I persevered with as much expressing as I could, and the only way it really ever happened was if my son was drinking at one breast, with a letdown happening, and I could hand express off the other side simultaneously. Needless to say it was a delicate balancing act, very fiddly and for the 30-40mL yield, often far more trouble than it was worth. Once my son started solids, and eventually got closer to a year of age, I decided that the couple of hundred mLs in the freezer were of better use to someone else who genuinely “needed” breastmilk. This is where my first experience as a Wet Nurse came in.
Through Piripoho Aotearoa and my friend Rachel Hansen (who had set up a local milk sharing group), I was aware of a mum who needed donor milk. I offered to drive the last of my frozen expressed offerings over to her as she lived out of town. While I was there, I commented that expressing was not a viable way of me continuing to provide volumes of milk for others, but (knowing other mums had wet nursed for her) that I was happy to feed her baby for her while I was there, if she wanted. She gladly accepted this offer, and in a very surreal moment, I took a stranger's baby and put him to my own breast. The mum and I both welled up a little as I asked her how it felt for her to have others feed her baby, and we talked about the feelings evoked by the situation. I still recall the emotion at the time of feeling like I was so privileged to be able and allowed to help in such a special and intimate way. My own son was very puzzled and slightly upset at this new arrangement, but consoled with a feed himself after the donor baby had had his fill.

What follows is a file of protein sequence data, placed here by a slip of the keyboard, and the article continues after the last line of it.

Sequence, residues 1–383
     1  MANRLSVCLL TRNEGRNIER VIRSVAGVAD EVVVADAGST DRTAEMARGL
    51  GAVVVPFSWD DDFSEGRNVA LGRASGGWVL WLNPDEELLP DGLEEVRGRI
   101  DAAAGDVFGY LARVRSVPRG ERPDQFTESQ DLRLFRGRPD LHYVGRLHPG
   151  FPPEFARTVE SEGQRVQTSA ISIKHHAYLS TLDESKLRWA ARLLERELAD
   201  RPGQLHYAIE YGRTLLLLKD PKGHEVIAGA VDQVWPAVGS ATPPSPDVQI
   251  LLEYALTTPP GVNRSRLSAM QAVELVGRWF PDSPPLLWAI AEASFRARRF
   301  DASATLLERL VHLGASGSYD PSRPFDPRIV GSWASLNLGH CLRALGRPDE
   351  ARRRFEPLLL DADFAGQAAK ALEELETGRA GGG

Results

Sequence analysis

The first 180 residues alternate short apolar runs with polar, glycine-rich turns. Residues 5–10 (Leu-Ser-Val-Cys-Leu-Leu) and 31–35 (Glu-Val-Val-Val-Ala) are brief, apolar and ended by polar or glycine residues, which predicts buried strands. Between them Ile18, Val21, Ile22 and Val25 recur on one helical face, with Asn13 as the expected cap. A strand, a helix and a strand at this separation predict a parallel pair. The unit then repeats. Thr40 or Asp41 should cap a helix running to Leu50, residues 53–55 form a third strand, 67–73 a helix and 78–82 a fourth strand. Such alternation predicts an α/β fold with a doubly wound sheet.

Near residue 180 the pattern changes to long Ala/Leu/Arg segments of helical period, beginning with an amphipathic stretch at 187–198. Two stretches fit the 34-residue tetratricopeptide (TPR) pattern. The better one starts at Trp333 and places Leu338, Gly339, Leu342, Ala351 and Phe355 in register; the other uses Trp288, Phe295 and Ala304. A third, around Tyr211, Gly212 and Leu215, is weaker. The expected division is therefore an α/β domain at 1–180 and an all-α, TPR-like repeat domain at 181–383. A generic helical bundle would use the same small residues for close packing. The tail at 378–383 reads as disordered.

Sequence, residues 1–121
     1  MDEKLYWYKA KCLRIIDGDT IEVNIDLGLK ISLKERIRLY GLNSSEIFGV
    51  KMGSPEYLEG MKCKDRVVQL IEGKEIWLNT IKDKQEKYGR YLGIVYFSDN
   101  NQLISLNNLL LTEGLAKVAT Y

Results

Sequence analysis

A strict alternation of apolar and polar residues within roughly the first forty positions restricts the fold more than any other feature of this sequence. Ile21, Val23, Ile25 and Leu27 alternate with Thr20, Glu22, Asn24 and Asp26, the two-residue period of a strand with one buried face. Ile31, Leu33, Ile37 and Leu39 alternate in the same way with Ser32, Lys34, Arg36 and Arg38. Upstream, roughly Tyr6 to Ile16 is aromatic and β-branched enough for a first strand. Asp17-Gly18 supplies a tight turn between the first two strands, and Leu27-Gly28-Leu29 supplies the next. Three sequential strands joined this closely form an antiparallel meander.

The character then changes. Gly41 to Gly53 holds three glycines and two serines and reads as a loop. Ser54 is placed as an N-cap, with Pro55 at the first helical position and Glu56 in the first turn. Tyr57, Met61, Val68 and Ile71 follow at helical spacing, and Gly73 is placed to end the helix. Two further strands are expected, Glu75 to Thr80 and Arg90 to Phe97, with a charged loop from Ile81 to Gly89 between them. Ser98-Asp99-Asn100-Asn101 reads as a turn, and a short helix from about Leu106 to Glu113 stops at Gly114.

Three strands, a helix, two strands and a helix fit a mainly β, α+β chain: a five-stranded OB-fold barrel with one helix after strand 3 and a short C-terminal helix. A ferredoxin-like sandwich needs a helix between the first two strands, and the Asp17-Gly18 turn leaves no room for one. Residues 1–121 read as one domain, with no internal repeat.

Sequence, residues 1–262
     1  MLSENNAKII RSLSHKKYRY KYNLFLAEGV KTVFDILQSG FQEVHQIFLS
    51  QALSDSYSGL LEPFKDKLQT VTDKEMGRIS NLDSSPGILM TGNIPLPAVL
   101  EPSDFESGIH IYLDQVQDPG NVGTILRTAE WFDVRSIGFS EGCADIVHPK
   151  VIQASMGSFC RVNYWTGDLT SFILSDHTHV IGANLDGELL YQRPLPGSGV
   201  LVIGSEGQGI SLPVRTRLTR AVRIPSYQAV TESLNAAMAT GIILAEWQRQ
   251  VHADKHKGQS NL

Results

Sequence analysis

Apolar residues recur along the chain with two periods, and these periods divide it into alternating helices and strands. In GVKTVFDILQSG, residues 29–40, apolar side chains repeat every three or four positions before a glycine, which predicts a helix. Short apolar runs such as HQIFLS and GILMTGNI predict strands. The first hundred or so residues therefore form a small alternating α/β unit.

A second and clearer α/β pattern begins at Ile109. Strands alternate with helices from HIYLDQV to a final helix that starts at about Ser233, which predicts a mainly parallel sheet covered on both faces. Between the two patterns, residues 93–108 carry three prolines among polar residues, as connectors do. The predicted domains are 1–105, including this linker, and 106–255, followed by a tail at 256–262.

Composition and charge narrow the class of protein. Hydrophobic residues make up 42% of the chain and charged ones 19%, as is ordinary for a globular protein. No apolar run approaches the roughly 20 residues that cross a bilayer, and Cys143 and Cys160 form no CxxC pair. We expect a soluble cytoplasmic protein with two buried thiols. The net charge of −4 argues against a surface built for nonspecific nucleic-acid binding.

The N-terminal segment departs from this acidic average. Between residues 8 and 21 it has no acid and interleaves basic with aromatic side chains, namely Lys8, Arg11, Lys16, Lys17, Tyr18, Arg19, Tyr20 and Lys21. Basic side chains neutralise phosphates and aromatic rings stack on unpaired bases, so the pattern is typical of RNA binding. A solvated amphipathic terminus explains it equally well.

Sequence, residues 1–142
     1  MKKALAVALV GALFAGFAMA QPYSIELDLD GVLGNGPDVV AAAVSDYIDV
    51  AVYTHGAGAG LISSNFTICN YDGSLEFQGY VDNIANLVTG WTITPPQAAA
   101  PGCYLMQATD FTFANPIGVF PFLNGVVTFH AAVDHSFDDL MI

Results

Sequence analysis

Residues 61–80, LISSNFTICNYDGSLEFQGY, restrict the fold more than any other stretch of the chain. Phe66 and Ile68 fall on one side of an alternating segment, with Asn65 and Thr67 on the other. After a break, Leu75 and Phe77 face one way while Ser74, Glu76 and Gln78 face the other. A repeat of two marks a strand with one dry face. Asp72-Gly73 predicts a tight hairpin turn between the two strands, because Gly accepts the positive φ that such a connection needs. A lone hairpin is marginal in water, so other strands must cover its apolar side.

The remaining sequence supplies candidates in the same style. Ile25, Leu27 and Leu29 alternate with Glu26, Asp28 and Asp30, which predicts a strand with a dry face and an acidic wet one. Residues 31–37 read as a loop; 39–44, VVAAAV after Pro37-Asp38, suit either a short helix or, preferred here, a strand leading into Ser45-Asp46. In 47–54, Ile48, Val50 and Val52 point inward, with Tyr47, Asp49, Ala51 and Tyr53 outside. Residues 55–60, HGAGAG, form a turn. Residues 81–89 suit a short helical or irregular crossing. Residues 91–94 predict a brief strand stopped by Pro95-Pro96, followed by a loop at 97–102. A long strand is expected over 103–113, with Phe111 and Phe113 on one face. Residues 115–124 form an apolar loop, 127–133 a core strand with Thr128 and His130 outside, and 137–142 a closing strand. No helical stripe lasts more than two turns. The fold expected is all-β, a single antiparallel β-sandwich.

After this point, I put my contact details down on the milk sharing group as someone who was unable to express but happy to wet nurse, and through this I became involved with another mum and baby. This time the mum had driven in to me from her rural locale, and despite having never previously met, I fed her child. Again I asked her how it felt for her relying on other mum's for milk, and she confessed that it was “weird, but also not weird” and accredited this to the ease at which she felt in my straightforwardness in approaching the situation, and then proceeded to tell me that this was actually the first time someone had been a wet nurse for her baby. This piece of information really threw me for a second, and again I was filled with a sense of awe and privilege at the trust and honour that went into a milk sharing relationship. I continued to wet nurse for this family over the course of a few days as their regular donor was out of town, and it enabled the mum to eke out her supply of frozen donor milk by me doing the odd feed here and there during the day.
While I remain more than willing to help any other families in such a way, I feel my inability to express limits my usefulness somewhat. I am still breastfeeding my son who is two, and feel pleased I have been able to help two families, in a small but meaningful way. I hope that milk sharing becomes de-stigmatised and a normal and first-line alternative to a mother-baby dyad when they may previously have seen their only other option as formula.
Rachel is a writer and educator whose fields of interest include sexuality education, gender, feminism and youth development.